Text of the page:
What Does AI Mean for Writers? Be clear on who is holding the AI tool

Writing is easy. Great writing is almost impossible.

As Seth Godin said:

“If your work isn’t more useful or insightful or urgent than GPT can create in 12 seconds, don’t interrupt people with it. Technology begins by making old work easier, but then it requires that new work be better.”

Above is a screen shot from a video posted by Ann Handley on LinkedIn announcing her earliest-bird pricing for a Marketing Professional Forum.

The captions are robo-generated.

What Ann actually said in the video: “Year-end budgeting”
What the robot heard her say: “💦🚽”

Lesson #1? When LinkedIn gives you the option when you post a video: “Do you want to edit the captions?” Always say: YES I DO! Always take an extra few minutes to edit your auto-generated captions. 

Off the back of the (incorrect but very funny) auto caption, Ann wrote a post on what AI means for writers. it’s good.

Here’s a snapshot of what she had to say:

AI is a tool.

That’s it. Full stop.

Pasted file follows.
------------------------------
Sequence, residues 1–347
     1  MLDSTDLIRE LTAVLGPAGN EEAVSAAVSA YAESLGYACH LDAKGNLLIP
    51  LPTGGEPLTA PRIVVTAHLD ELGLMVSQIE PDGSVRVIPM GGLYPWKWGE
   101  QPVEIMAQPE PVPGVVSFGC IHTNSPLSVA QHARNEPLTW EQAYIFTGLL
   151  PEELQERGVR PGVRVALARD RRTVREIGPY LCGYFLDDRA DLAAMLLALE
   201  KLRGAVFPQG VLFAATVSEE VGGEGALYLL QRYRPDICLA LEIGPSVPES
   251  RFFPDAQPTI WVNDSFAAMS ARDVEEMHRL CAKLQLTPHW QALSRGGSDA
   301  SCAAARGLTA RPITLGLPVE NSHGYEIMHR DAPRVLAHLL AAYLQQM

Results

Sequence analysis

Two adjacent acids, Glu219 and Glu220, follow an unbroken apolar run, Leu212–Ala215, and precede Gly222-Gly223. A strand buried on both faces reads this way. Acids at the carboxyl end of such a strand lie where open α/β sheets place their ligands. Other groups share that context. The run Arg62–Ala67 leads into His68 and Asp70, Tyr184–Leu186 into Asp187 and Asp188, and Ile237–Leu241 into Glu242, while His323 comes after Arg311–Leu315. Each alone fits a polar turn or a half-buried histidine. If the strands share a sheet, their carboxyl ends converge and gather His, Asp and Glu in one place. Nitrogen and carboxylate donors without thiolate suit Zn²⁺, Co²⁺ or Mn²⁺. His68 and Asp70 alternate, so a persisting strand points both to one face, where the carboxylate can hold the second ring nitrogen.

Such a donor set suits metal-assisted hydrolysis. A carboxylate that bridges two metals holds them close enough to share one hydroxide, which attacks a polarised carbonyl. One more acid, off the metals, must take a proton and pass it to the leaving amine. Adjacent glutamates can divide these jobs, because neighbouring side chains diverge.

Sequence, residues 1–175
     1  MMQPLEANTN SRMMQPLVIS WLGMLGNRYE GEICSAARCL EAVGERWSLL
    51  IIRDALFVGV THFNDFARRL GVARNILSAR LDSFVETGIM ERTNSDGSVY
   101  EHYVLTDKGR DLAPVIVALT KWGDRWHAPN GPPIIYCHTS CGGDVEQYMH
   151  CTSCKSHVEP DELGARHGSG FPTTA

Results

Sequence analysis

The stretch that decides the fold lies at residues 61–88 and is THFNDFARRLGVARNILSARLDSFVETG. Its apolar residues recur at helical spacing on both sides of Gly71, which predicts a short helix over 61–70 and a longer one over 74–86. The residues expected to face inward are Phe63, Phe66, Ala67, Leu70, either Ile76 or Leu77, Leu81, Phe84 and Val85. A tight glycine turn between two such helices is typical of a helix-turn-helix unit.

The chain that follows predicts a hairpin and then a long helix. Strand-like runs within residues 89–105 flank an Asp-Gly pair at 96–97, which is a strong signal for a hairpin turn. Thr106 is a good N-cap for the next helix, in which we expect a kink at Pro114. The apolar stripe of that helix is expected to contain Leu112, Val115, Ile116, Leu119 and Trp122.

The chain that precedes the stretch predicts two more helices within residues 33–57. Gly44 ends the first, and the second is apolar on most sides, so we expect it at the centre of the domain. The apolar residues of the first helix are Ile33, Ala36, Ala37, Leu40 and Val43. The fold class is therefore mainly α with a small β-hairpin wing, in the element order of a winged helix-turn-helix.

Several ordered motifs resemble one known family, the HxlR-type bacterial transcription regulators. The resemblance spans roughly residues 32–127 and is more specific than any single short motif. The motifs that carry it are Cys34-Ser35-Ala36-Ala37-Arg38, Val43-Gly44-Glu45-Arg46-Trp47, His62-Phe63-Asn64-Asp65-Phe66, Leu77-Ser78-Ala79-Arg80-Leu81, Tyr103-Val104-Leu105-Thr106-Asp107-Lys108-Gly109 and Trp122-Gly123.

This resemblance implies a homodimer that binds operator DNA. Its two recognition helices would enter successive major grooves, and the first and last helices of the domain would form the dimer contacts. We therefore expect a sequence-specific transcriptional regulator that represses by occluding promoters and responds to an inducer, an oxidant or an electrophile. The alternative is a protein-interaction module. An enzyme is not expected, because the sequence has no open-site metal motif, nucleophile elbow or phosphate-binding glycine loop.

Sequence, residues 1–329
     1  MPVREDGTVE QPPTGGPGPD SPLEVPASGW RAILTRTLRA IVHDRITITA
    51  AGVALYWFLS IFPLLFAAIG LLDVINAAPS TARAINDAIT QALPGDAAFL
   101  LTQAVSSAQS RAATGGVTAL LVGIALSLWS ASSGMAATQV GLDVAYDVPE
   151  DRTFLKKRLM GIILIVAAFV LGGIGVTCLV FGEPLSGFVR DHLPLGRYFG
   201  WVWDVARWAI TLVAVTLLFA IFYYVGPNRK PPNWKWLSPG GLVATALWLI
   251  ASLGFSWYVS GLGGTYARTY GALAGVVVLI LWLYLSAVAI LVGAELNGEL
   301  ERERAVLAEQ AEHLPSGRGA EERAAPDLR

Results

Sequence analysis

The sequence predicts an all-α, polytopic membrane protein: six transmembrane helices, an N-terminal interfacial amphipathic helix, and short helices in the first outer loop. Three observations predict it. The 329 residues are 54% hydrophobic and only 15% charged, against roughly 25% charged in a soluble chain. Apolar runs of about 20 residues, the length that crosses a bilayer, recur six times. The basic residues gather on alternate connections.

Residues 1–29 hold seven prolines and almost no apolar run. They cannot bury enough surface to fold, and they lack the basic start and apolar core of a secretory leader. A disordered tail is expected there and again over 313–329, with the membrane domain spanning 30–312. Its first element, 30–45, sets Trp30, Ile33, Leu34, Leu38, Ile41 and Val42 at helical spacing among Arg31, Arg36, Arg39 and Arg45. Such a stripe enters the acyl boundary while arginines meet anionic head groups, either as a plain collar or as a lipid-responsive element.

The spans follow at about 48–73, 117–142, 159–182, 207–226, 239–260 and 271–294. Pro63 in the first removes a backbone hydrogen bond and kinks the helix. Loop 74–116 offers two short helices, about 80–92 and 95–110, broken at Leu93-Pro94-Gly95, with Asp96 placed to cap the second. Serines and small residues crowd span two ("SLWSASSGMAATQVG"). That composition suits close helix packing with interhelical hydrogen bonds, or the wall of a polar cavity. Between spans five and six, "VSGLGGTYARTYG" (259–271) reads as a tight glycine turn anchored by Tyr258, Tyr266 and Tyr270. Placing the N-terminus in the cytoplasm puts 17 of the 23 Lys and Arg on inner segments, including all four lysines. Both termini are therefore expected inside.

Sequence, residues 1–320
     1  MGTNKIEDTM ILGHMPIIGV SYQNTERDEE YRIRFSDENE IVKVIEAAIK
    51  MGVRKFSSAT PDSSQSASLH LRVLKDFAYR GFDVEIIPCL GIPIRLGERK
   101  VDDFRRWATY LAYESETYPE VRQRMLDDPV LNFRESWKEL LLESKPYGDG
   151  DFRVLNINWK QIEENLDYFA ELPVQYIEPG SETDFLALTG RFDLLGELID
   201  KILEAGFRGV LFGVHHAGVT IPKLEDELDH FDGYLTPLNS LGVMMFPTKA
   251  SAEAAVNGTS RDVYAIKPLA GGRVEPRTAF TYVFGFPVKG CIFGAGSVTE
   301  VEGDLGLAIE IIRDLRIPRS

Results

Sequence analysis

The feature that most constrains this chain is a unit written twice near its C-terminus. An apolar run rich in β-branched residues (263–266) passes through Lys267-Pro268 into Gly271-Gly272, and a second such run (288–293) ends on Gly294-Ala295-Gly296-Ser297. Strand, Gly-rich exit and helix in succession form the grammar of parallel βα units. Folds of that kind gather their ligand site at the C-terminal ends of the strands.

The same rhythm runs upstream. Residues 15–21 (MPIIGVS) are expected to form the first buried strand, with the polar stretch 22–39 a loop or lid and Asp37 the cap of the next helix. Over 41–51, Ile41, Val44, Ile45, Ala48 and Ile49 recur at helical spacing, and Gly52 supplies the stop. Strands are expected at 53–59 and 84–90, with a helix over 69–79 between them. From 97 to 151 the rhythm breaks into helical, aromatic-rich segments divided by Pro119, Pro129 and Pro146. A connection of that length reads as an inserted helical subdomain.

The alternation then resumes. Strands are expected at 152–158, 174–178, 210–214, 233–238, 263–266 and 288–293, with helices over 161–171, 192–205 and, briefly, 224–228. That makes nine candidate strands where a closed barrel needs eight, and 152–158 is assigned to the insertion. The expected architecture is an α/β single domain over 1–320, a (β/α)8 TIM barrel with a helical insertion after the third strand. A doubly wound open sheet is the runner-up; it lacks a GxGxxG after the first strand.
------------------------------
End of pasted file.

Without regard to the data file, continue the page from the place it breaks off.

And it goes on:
It’s a power tool, sure—maybe a diamond-toothed chainsaw capable of felling a redwood. But it’s also just a tool.

The question becomes: Who is holding the tool? (Hat tip to Mitch Joel – another great article)

You can put a vibrating, live diamond-toothed chainsaw in my inexperienced, unpracticed, ignorant hands and within seconds I will lose control of it and catch my sleeve in the blade and oh my god I just sheared my arm clean off and then in a panic (chainsaw thrashing wildly) I hack off the limbs off anyone standing near me and before I black out I see everything, everywhere is chaos. It’s a bloodbath.

AI tools like ChatGPT remind me of that chaos.

The flurry of activity on social media this past week. The momentum of millions of new ChatGPT accounts. It’s not a exactly a bloodbath—but it’s a lot of wild energy that is fueling both panic and euphoria.

It’s not that you can’t use ChatGPT in useful, substantive ways to be a better writer. Or to write at all: A flummoxed, frozen writer might use it to translate a garbled idea in their heads into a basic listicle or email or meta description.

But what about more than that? What about writers like us? What do we make of it?

It comes down to the fundamental question: Who is holding the tool?

The one holding the tool should treat AI as a party plus-one. AI is the guest we invite into our work, not the one throwing the party.

Perfectly put.

Have you used ChatGPT? What are your thoughts? How do you make sure you’re welding the tool correctly?

I’d love to know your thoughts.

Andy.

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If you have something on your mind, a challenge you’re wrestling with or just want an alternative point of view, I’d be very happy to lend an ear and maybe help you start to unpick the issues.